Peacock in the Courtyard of Freer Gallery of Art, c. 1923, Smithsonian Institution Archives, Acc. 02-082, Image no. SIA2007-0177.

Hot Topix in Archival Research, Winter 2022

Think your archival research is on hold while our reading room is closed? Think again!

Vicarious research is one of the great joys of the reference desk at the Smithsonian Institution Archives. During our pandemic closure, we’ve missed catching those tantalizing glimpses of our patrons’ research inside the fishbowl walls of the reading room.

But research in the Archives collections is by no means on hold. Here are some of the subjects that have recently passed through the reference team’s inbox:

Adey holds a magnifying glass to a tank of coral.

Subjects of Smithsonian Institution Archives images to be featured in upcoming publications include:

  • Pages from Edgar Alexander Mearns field books for Amy Kohout’s upcoming book Taking the Field: Soldiers, Nature, and Empire on American Frontiers
  • Images from Alexander Wetmore’s ornithological work in Veracruz for Digging the Past: Stirling's Excavations at Tres Zapotes, a permanent exhibition in Tres Zapotes, Veracruz, Mexico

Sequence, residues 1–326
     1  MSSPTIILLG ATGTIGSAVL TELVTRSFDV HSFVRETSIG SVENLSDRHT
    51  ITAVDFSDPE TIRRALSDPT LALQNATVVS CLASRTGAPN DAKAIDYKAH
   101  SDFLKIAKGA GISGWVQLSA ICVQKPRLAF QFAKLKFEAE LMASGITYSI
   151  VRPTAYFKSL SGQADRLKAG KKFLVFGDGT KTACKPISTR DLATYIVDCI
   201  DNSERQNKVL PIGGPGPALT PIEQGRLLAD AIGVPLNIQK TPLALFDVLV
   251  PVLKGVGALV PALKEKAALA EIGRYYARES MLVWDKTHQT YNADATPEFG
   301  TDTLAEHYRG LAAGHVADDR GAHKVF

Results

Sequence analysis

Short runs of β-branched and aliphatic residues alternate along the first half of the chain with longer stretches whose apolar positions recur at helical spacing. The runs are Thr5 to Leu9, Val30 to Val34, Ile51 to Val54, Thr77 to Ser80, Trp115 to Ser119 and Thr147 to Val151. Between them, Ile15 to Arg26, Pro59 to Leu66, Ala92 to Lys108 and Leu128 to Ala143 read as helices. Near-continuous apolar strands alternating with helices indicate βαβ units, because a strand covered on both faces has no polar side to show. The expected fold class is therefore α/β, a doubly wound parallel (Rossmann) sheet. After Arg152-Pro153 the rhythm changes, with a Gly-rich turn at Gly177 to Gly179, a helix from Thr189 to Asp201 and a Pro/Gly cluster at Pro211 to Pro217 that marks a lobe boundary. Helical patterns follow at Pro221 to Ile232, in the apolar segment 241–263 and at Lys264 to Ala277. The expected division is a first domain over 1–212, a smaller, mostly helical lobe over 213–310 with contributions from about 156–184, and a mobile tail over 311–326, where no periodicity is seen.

• Photo of the National Museum of Natural History’s reef tank ecosystem for Samantha Muka’s forthcoming book Oceans Under Glass
  • Portrait of Sophie Lutterlough for A Journey Into 365 Days of Black History wall calendar
  • Candids from the opening of the Renwick Gallery, to be featured in the Smithsonian American Art Museum’s This Present Moment: Crafting for a Better World

Lutterlough sits in front of a microscope. She is looking toward the camera.

Peacock eyewitnesses

Last time on Hot Topix, I answered the Infrequently Asked Question (IAQ), “Why did the peacocks leave the Freer courtyard?” My response was what preliminary research had suggested: that the peacocks, normally residents of the National Zoological Park, spent their summers in the Freer Gallery courtyard until the end of the 1920s.

Some blog readers among the Archives staff took issue with the last part of this claim. Although not over one hundred years old, my colleagues remembered seeing a peacock couple—a peacock and a peahen, to be zoologically precise—grace the Freer courtyard during their lifetimes. Institutional historian Pam Henson wagered a guess that the birds lived there as recently as the 1990s.

Sure enough, a search of historic newspaper headlines confirmed Pam’s guess. In the “Travel” section of the May 2, 1993, New York Times, reporter Irwin Molotsky noted that “two live peacocks will take up residence in its courtyard” when the Freer reopened to the public later in the month.

The Freer peacock story teaches us two important life lessons.

One, it is usually good practice to trust recent personal recollection over scanty written records—particularly when that personal recollection is from your very own institutional historian.

Two, peacocks really are too messy for the Freer Gallery. Maybe, just maybe, we should stop trying to make peacocks at the Freer happen.

Peacock in the courtyard of Freer Gallery of Art.

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